Yesterday I played with tomorrow’s phones. Things like that happen as a futurist.
I went to see a company called Qualcomm, a name you may not know today but that will likely be as familiar as Intel in years to come. Qualcomm has been a key player in the mobile industry pretty much since its inception — certainly as far back as my direct experience goes (2000). Only now is it considering communicating more with the public, rather than with the Samsungs, and LGs of the world who rely on its technology.
The product I was looking at yesterday is the latest iteration of its mobile phone platform, the Snapdragon 800. In a single package this provides all of the major components you need to build a smartphone or tablet: networking, processing, video, and voice. Stick a screen, a camera, a case, a battery, ports and an aerial on it and you pretty much have a phone: everything else is software.
One thing that caught my attention yesterday was the chip’s ability to both capture and display 4K video. If you’re not familiar with 4K, it’s four times the resolution of HD. That means super-sharp, super-rich images with lots of depth too them, even without any 3D technology. 4K TVs are already on the market, albeit wallet-crushingly expensive.
The device can also capture and play back surround sound. Add amp and TV and you have a very high-end home cinema system, as was demonstrated with exclusive clips of Pacific Rim (prepared for the recent E3 show — yes, I was geeking out).
All very cool.
Stuff Drives Storage
Another meeting I had yesterday was with Richard Lee, president and CEO of QNAP Systems, a company I have written about here before. QNAP makes network attached storage (NAS) devices. These are small, efficient computers with lots of hard disk capacity designed to be a repository for all your digital goodies: music, photos, videos, documents etc.
Richard is delighted that the next generation of phones will have better cameras. Why? Because more megapixels means more megabytes are required to store your digital creations. The incredible amount of content that we are consumers are creating is what is driving the NAS market, predicted to grow at over 20% a year.
Richard pointed out though that it is not just the ability to capture content that is driving the desire for storage. It is the ability to share it; the availability of bandwidth needed to stream new photos and videos back to a central storage hub, access them across a variety of devices and share them with friends and family. We now have cameras with us all the time, and these cameras can — and do — instantly stream the images we capture off to our personal clouds.
And here is where it gets tricky…
Every time a new generation of mobile network comes along, everyone gets very excited about the speed of the connection between the phone and the mast. 2.5G, 3G, 4G — the conversation is always the same. Likewise with the advent of new home broadband services: you always hear about how many megabits per second your cable or DSL line will deliver from the exchange to your home.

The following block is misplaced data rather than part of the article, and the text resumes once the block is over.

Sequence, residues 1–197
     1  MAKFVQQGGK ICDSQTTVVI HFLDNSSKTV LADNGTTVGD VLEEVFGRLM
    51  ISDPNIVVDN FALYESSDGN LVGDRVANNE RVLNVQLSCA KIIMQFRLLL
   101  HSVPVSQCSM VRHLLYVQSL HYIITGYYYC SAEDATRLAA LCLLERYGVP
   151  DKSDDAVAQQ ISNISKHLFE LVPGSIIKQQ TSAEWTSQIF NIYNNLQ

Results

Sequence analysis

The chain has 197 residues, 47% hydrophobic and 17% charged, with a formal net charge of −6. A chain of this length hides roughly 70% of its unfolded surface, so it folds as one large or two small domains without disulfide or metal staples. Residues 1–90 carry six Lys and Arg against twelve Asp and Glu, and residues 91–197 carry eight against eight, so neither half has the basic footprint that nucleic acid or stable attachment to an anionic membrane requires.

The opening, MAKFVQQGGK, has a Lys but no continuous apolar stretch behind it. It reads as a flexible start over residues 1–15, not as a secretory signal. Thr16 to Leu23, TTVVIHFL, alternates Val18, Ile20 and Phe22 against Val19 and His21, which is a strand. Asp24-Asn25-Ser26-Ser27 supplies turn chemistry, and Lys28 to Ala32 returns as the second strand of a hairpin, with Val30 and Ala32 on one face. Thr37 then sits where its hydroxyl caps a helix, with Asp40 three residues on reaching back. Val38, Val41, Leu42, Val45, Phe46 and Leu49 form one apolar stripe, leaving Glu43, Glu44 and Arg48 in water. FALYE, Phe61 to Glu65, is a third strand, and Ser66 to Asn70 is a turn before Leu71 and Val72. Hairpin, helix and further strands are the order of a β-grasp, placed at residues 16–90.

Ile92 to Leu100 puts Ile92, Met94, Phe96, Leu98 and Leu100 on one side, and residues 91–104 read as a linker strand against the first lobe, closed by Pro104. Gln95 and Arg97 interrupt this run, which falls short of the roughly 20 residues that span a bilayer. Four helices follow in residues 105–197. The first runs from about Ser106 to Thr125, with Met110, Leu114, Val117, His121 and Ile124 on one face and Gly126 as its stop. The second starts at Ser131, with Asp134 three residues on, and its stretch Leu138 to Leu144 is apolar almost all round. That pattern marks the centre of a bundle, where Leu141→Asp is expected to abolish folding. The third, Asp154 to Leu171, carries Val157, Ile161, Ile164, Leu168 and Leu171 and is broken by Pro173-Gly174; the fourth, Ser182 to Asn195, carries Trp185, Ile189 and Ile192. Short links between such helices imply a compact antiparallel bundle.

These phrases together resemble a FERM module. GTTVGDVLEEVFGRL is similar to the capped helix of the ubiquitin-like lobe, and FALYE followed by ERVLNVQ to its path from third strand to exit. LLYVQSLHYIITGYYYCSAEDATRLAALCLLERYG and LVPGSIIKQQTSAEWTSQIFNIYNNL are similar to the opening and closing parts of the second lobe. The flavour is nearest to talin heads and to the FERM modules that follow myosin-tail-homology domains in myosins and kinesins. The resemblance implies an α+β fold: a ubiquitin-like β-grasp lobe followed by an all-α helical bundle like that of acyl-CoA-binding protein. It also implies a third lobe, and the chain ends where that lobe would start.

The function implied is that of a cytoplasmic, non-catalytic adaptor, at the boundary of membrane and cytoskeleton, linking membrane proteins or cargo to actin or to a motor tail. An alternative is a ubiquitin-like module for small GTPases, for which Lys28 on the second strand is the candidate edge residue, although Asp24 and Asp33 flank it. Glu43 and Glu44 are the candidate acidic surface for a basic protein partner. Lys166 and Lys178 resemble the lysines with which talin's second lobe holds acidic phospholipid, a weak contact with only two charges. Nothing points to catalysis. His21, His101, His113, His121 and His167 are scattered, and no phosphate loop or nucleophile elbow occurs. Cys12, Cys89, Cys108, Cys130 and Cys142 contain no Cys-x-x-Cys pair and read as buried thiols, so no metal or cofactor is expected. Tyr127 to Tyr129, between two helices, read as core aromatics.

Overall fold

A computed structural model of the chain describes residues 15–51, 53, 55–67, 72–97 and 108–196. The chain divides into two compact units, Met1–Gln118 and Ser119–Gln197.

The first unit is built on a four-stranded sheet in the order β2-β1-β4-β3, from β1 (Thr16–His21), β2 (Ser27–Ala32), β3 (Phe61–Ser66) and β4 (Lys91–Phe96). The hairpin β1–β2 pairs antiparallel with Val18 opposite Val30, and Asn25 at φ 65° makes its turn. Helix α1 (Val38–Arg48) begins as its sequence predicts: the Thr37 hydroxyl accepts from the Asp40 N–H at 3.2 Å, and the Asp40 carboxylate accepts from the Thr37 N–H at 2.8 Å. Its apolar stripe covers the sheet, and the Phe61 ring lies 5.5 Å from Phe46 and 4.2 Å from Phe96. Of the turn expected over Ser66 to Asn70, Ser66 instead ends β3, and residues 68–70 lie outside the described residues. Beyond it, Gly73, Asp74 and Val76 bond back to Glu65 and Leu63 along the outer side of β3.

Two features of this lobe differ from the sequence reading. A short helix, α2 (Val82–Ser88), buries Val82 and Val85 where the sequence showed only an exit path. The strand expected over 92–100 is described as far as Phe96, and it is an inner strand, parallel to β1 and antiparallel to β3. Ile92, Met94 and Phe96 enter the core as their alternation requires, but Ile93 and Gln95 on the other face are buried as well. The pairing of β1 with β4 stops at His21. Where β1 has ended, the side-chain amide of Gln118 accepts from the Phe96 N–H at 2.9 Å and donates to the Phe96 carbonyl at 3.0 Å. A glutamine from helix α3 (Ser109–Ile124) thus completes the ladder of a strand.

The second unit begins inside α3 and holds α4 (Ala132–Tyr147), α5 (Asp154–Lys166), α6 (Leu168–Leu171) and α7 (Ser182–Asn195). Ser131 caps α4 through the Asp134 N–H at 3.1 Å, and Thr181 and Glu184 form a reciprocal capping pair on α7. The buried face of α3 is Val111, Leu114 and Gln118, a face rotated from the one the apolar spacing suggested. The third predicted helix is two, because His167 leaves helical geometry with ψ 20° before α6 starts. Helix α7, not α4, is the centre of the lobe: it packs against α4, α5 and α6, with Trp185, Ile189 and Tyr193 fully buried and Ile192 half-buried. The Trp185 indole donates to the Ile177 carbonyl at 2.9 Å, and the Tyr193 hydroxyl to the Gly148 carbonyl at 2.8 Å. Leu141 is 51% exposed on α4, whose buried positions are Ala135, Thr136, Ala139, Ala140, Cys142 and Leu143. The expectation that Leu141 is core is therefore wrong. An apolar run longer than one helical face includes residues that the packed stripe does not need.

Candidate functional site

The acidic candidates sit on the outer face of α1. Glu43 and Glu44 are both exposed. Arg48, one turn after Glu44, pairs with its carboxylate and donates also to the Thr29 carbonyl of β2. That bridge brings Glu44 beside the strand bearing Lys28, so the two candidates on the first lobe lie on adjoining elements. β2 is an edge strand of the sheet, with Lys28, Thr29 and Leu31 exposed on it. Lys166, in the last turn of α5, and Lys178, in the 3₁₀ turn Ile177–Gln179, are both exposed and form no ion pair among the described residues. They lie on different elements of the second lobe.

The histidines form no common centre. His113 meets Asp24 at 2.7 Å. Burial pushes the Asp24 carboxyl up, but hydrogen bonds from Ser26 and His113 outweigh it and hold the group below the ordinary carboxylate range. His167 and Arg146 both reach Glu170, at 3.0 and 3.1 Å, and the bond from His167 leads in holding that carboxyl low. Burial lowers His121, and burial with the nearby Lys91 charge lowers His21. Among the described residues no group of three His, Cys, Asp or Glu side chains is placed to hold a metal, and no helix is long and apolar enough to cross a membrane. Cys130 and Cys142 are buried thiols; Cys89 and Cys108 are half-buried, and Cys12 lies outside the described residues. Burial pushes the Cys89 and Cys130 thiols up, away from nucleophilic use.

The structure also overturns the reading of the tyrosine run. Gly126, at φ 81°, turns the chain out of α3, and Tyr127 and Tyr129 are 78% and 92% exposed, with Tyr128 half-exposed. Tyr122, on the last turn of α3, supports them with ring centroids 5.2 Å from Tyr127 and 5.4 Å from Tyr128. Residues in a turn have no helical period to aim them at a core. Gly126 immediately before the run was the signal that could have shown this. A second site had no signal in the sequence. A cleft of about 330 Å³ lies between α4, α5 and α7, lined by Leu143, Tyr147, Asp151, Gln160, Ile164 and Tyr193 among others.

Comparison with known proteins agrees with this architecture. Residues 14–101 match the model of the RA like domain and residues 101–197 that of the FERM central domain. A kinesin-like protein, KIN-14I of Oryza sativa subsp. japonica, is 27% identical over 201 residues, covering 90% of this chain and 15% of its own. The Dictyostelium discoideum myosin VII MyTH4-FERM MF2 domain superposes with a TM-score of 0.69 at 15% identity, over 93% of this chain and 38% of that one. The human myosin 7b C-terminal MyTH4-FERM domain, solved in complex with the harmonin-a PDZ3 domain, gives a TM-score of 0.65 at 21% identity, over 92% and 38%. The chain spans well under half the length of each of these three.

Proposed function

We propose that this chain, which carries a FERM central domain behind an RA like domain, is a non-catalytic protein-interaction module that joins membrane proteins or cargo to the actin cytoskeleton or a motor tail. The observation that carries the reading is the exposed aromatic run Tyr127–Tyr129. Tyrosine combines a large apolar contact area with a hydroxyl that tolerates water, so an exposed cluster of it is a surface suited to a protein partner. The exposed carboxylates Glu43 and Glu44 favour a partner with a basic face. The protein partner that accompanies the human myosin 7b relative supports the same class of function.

What you never hear about is the link between the exchange and the rest of the world — what is known as ‘backhaul’. This is where it all starts to fall down.
In February this year, Tellabs — an old client of mine — sponsored some research that identified a $9.2bninvestment gap in backhaul networks. Based on a five to six times increase in the volume of data carried over mobile networks, at current investment levels, operators will be 16 petabytes short of capacity.
That’s quite a lot. Despite Tellabs clear interest in there being an investment gap (the company provides — surprise surprise — backhaul network gear), I don’t have trouble believing these figures. If anything they feel intuitively a little conservative: we know that there are bottlenecks in the UK’s mobile networks today, and data consumption is increasing incredibly fast.
Crunch, Crunch, Crunch
When demand for data outstrips supply capacity like this it has become known in the telecoms industry as a capacity crunch. Backhaul looks likely to be the latest in a series of crunches that have happened at different points throughout the communications networks over the years. There will be more: there are already rumours about a coming crunch in fixed-line (i.e. your home and business broadband) networks in the near future.
It’s not surprising that networks don’t scale evenly to meet demand. Nor that there’s sometimes a lag between demand and the supply to meet it. This is the nature of the market, particularly in an industry where demand is scaling so rapidly.
The alternative is to build based on forecast capacity. But we’ve been through that before too: it happened across the world during the dotcom boom. One client of mine bought and built itself a global network on the basis of forecasts of demand for internet services. At its height in 2000 the company was valued at $37billion. By the end of the following year it had been through Chapter 11, a form of voluntary bankruptcy, and acquired by Cable & Wireless for just $800m.
The company was called Exodus Communications. No-one wants to risk being the next Exodus.